Women need abortion options after 20 weeks. Here’s why.
Last week the U.S. House passed a bill prohibiting most abortions after 20 weeks, with only narrow exceptions for women with life-threatening conditions and for rape survivors. No exceptions are included for cases when the woman’s health is at risk or in cases of severe fetal anomalies.
Aside from being unconstitutional, legislation that disregards the thousands of variables that can arise in any given pregnancy ignores a central concern of reproductive health:
Every pregnancy is different.
When a woman finds out she is pregnant, her universe explodes with questions and unknowns: How far along am I? What will this mean for my family? My health? My job?
Can I afford this? Do I want this? Is the fetus healthy?
“There has never been—and never can be—a one-size-fits-all answer to navigating such variables,” says Angela Hooton, vice president of the U.S. Policy and Advocacy Program at the Center for Reproductive Rights. “Blanket legislation like this 20-week ban intrudes on the importance of these questions as well as on a woman’s constitutionally protected right.”
While the overwhelming majority of abortions take place before 20 weeks, there are a number of situations and circumstances that demand more time to become clear.
“The women we serve for abortion care past 20 weeks present with a myriad of complex situations,” says Texas reproductive health provider, Amy Hagstrom Miller, CEO of Whole Woman’s Health. “Some women don’t find out they are pregnant until much later than others. Some women need time to save money to end their pregnancy. Some women’s life circumstances change drastically during the course of their pregnancies. No matter the reason, women need access to safe, compassionate care.”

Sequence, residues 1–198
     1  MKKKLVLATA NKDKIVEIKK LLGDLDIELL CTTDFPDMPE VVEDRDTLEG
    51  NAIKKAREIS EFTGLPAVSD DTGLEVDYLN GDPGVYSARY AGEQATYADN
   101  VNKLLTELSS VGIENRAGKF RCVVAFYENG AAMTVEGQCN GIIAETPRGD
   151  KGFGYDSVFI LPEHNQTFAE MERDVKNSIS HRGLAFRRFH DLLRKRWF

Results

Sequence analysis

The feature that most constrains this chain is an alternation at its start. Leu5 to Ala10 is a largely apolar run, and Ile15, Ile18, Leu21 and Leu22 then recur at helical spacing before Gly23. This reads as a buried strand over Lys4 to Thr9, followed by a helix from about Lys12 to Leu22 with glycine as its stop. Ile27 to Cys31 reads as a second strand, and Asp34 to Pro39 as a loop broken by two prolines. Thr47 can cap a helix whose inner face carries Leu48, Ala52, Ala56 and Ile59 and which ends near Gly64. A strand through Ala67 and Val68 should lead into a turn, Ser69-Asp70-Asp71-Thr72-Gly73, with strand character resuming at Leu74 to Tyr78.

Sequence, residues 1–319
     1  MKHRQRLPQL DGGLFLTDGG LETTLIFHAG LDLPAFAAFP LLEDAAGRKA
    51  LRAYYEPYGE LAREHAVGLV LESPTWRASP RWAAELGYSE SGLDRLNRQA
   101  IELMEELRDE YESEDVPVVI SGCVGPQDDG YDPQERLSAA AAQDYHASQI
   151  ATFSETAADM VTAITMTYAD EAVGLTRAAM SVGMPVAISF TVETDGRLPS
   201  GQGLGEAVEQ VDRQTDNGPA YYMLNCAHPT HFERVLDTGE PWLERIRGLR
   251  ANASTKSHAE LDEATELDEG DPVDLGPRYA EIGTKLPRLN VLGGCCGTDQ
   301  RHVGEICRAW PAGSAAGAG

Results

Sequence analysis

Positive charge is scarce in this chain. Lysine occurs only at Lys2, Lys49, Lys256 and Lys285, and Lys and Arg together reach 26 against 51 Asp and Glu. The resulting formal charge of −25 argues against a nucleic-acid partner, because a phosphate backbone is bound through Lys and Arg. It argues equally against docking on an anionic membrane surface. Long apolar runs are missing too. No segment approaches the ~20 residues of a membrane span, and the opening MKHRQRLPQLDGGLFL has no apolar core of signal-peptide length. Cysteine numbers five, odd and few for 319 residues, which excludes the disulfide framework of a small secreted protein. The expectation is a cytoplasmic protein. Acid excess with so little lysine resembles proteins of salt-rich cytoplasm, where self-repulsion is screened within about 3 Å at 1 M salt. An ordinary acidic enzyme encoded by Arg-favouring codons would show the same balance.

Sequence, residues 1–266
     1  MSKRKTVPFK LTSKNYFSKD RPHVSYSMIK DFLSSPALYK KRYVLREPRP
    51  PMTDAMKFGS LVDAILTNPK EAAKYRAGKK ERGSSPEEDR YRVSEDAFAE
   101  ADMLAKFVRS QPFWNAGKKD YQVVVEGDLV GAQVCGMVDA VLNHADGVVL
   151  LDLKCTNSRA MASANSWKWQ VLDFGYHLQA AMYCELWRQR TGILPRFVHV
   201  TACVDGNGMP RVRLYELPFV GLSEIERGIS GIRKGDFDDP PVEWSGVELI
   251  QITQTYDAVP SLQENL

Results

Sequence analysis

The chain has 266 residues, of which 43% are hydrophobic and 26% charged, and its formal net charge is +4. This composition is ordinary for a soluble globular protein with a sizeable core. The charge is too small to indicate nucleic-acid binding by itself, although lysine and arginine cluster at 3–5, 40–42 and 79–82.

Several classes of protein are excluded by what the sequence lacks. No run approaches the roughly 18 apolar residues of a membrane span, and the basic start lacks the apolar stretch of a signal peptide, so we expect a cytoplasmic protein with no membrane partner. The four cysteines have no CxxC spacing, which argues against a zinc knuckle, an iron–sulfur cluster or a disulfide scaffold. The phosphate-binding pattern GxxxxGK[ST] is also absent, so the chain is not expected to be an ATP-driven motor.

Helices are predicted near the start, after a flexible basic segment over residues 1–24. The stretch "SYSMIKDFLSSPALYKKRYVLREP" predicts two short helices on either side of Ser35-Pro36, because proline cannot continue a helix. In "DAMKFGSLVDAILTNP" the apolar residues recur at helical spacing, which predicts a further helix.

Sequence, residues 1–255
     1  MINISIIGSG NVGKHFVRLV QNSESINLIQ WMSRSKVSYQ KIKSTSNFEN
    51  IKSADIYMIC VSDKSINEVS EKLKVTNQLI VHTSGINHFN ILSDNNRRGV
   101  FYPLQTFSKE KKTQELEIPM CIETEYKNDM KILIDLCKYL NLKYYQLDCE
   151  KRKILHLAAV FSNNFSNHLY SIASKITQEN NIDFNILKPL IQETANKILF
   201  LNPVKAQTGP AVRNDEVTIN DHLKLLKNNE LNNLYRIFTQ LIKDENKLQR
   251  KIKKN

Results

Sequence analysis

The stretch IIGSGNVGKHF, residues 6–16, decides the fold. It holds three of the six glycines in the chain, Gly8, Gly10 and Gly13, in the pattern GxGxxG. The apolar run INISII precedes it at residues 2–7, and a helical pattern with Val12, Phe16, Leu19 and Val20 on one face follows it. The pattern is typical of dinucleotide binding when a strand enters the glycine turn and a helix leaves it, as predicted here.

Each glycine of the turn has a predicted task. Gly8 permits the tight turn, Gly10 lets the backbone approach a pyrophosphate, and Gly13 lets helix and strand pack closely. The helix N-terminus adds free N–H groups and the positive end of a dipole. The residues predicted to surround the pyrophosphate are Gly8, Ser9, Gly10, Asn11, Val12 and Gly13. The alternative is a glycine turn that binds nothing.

Hagstrom Miller adds, “We also see women who face logistical challenges such as arranging child care and getting adequate time off work to both negotiate the web of state-imposed abortion restrictions—such as two-trip waiting period requirements and limited clinic access—and make time for a healthy recovery. When anti-choice legislation shuttered more than half of Texas’s clinics last fall, we saw women forced to wait up to four weeks just to get an appointment.”
Other women, like Whitney, are confronted with the news of a difficult diagnosis. Whitney, who lives in North Carolina—where a 20-week ban is currently in place—learned at a routine ultrasound that her fetus had a condition that would make it incompatible with life. It was four days before the state’s legal cut-off. She and her husband were unnecessarily rushed into the decision about what to do, and eventually had to travel out of state to get the care they needed.
“There are more considerations than you can imagine when it comes to a pregnancy,” says Hooton. “No politician under the sun could anticipate every single one, and that is why abortion bans are both unnecessary and dangerous. These complex and personal decisions must be left to each individual woman and her trusted health care provider.”
The conversation surrounding abortion limits and the definition of “viability”—as laid out by several landmark U.S. Supreme Court cases—intensified last week following the publication of a study citing that in certain cases, groundbreaking medical interventions have allowed for infants born as early as 22 weeks gestation to survive outside the womb.
“These are remarkable advancements,” notes Hooton. “They underscore just how unique and individual the meaning of viability is for each patient. This is exactly why it is essential that the full range of reproductive health services must be accessible to everyone who needs them without the intervention of politicians.”